By Kirsty Oswald, medwireNews Reporter
Researchers from Japan say that serum iron levels could be a biomarker that indicates which smokers are resistant to the effects of cigarette smoke on lung function.
The team studied a group of elderly (≥70 years), male smokers who, despite having smoked for over 30 years, had normal spirometry results (forced expiratory volume in 1 second [FEV1]/ forced vital capacity [FVC] ≥0.7, FEV1% predicted ≥80).
Compared with 57 male smokers with impaired lung function, these 60 “smoke-resistant” men had significantly higher mean serum iron levels, at a mean of 121.6 µg/dL versus 107.8 µg/dL, as well as a higher body mass index, at 23.5 kg/m2 versus 22.3 kg/m2.
Using annual health check data, the team found that men over the age of 40 years with a serum iron level below the lower limit of normal (54 µg/dL) had significantly reduced FEV1/FVC compared with men with normal iron levels, at 74.7% versus 77.1%.
Regression analysis showed that, after adjusting for age, Brinkman index, and homocysteine, uric acid, and hemoglobin levels, serum iron levels were predictive for FVC, FEV1, and FEV1/FVC in male smokers. FEV1/FVC also significantly correlated with serum iron levels in nonsmokers.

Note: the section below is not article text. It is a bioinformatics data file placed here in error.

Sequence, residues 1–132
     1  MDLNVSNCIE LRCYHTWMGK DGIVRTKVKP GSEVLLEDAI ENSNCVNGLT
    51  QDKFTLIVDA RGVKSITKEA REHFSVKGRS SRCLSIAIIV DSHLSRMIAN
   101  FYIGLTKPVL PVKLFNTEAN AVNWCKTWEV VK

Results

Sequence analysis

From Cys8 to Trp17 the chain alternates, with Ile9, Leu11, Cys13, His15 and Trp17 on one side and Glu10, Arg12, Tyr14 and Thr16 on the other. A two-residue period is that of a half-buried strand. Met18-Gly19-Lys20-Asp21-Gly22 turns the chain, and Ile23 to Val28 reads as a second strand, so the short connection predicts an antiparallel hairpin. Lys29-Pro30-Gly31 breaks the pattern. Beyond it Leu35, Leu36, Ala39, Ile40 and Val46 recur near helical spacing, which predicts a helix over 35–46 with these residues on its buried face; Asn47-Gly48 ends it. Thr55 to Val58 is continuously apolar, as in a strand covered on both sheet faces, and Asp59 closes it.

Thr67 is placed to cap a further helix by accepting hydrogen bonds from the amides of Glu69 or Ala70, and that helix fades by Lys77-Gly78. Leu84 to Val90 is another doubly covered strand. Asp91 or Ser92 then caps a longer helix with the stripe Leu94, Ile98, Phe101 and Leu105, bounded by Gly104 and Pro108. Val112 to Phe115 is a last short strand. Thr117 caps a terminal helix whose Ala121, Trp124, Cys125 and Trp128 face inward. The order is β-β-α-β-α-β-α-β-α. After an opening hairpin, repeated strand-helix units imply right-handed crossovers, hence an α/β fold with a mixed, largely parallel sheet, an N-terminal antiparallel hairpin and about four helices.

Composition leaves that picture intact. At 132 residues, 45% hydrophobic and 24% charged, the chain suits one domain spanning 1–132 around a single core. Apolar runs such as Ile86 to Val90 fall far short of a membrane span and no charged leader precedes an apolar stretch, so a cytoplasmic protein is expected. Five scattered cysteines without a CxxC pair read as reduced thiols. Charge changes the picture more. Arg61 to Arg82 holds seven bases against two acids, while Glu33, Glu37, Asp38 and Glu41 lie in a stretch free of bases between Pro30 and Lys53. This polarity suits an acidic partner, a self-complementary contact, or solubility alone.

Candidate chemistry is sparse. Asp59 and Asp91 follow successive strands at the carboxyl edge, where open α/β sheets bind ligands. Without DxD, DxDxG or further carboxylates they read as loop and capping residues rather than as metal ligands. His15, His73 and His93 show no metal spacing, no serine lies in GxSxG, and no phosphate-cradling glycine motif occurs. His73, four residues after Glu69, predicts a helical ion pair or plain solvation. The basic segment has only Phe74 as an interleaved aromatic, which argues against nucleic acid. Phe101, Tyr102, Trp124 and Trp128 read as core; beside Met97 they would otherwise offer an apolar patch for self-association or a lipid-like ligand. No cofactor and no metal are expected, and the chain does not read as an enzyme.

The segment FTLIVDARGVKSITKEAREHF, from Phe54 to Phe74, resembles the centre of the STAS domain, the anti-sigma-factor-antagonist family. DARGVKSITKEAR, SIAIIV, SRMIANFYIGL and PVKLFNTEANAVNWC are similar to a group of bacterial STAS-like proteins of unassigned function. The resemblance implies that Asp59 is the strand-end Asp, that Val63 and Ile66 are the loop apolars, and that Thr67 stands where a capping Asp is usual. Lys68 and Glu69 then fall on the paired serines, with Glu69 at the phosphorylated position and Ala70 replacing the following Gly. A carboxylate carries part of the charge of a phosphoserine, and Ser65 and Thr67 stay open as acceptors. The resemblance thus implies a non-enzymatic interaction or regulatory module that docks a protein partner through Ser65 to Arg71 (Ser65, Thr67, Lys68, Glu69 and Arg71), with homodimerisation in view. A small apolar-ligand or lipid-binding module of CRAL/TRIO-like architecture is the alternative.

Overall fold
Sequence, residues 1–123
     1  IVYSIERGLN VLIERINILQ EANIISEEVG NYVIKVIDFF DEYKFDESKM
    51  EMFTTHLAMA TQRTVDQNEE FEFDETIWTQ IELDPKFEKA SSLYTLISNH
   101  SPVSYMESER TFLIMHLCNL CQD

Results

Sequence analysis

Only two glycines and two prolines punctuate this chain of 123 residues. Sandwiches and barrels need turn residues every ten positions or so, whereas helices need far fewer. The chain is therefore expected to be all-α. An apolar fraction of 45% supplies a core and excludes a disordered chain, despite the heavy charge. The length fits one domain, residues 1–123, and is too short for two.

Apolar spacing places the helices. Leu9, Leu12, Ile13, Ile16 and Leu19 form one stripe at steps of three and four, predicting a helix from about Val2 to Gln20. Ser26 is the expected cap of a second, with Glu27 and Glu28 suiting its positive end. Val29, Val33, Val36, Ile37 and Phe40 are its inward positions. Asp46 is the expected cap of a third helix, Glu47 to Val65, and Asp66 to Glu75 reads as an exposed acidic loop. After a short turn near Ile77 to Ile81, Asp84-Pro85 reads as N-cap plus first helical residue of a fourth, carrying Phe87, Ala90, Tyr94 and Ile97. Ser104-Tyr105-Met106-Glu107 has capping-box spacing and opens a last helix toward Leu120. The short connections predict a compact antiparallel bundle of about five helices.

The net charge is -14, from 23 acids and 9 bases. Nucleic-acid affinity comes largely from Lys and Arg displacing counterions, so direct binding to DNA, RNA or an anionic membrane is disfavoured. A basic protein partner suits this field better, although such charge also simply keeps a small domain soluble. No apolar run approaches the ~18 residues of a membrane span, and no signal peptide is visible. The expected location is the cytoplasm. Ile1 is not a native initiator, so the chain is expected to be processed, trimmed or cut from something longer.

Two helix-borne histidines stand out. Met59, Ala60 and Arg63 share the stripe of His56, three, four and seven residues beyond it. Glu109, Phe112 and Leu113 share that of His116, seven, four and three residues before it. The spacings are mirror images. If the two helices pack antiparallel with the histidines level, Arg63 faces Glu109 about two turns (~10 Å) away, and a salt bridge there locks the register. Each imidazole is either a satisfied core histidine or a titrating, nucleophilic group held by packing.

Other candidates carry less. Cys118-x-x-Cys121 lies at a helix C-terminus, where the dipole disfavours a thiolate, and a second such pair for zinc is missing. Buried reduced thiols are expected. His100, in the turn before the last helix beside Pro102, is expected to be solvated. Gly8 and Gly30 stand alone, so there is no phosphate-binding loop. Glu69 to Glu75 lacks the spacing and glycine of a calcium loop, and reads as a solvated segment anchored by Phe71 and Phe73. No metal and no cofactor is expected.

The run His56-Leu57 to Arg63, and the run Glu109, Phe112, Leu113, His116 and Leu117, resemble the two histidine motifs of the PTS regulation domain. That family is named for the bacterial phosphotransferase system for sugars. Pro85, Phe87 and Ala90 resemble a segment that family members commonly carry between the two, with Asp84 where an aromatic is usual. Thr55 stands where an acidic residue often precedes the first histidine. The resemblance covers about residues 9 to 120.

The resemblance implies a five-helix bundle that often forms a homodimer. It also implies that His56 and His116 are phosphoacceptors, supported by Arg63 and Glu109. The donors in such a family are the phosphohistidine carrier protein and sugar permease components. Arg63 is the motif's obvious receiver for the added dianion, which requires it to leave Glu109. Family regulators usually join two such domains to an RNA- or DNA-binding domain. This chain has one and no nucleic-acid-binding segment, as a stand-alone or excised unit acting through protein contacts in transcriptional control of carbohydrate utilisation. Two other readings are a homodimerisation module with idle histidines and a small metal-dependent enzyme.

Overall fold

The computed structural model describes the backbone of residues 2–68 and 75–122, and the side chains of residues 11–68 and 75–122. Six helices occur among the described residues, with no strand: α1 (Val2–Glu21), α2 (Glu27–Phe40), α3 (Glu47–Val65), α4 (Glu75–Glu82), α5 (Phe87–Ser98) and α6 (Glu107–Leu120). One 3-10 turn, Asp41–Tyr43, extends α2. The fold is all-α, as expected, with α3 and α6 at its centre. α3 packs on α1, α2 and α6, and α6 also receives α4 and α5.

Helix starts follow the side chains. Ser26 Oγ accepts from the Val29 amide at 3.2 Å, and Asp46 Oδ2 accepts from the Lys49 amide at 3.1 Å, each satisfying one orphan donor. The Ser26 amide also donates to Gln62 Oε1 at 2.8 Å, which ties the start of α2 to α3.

And follow-up at 3 to 5 years after the initial visit indicated that for each standard deviation increase in serum iron levels at baseline, there was a 46% reduction in the odds for FEV1 decline over time.
“Serum iron levels may be a simple biomarker indicating resistance to the lung toxicity of cigarette smoke,” the authors, led by Yoko Shibata (Yamagata University), write in PLoS One.
“The mechanism underlying the relationship between serum iron levels and pulmonary function remains to be determined, and the question still remains whether the elevation of serum iron has a protective effect in the lung.”
Yamagata and colleagues note that as their findings remained significant after adjusting for hemoglobin levels, the apparent protective effect of iron is not related to increased carbon monoxide tolerance. Instead, they suggest it may be due to individual differences in the ability to resist oxidative stress through antioxidants such as heme oxygenase-1, which is associated with high serum iron levels; however, they were not able to test this in their study.
They conclude: “Future studies investigating the longitudinal effects of iron supplementation or iron chelation on the decline in pulmonary function in cigarette smokers may help increase our understanding of this phenomenon.”
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